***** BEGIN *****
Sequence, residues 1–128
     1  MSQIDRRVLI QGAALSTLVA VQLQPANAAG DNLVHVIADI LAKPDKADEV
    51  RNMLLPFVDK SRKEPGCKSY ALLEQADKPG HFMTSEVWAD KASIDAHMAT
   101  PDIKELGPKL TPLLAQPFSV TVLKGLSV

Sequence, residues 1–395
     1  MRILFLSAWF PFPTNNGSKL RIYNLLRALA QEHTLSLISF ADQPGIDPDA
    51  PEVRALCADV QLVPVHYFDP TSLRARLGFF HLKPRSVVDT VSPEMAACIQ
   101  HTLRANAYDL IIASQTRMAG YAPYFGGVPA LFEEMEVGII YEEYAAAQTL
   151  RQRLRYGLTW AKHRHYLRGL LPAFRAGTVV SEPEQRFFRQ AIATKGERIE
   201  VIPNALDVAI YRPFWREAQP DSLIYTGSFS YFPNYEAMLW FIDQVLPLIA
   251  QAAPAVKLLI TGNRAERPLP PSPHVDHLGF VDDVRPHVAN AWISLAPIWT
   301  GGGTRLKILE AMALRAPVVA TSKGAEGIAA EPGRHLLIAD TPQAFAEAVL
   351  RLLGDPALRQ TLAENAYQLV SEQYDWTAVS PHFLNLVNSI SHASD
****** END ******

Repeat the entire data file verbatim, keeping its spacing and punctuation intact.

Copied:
Sequence, residues 1–128
     1  MSQIDRRVLI QGAALSTLVA VQLQPANAAG DNLVHVIADI LAKPDKADEV
    51  RNMLLPFVDK SRKEPGCKSY ALLEQADKPG HFMTSEVWAD KASIDAHMAT
   101  PDIKELGPKL TPLLAQPFSV TVLKGLSV

Sequence, residues 1–395
     1  MRILFLSAWF PFPTNNGSKL RIYNLLRALA QEHTLSLISF ADQPGIDPDA
    51  PEVRALCADV QLVPVHYFDP TSLRARLGFF HLKPRSVVDT VSPEMAACIQ
   101  HTLRANAYDL IIASQTRMAG YAPYFGGVPA LFEEMEVGII YEEYAAAQTL
   151  RQRLRYGLTW AKHRHYLRGL LPAFRAGTVV SEPEQRFFRQ AIATKGERIE
   201  VIPNALDVAI YRPFWREAQP DSLIYTGSFS YFPNYEAMLW FIDQVLPLIA
   251  QAAPAVKLLI TGNRAERPLP PSPHVDHLGF VDDVRPHVAN AWISLAPIWT
   301  GGGTRLKILE AMALRAPVVA TSKGAEGIAA EPGRHLLIAD TPQAFAEAVL
   351  RLLGDPALRQ TLAENAYQLV SEQYDWTAVS PHFLNLVNSI SHASD